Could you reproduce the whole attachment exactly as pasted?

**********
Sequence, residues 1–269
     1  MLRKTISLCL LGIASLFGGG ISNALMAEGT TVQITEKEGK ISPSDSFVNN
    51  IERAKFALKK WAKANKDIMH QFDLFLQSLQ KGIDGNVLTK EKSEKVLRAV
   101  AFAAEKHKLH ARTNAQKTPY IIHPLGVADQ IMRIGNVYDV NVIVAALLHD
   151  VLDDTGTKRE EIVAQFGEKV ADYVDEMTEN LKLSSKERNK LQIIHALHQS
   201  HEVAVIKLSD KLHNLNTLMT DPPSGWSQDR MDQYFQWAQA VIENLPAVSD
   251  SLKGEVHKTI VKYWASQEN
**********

Sequence, residues 1–269
     1  MLRKTISLCL LGIASLFGGG ISNALMAEGT TVQITEKEGK ISPSDSFVNN
    51  IERAKFALKK WAKANKDIMH QFDLFLQSLQ KGIDGNVLTK EKSEKVLRAV
   101  AFAAEKHKLH ARTNAQKTPY IIHPLGVADQ IMRIGNVYDV NVIVAALLHD
   151  VLDDTGTKRE EIVAQFGEKV ADYVDEMTEN LKLSSKERNK LQIIHALHQS
   201  HEVAVIKLSD KLHNLNTLMT DPPSGWSQDR MDQYFQWAQA VIENLPAVSD
   251  SLKGEVHKTI VKYWASQEN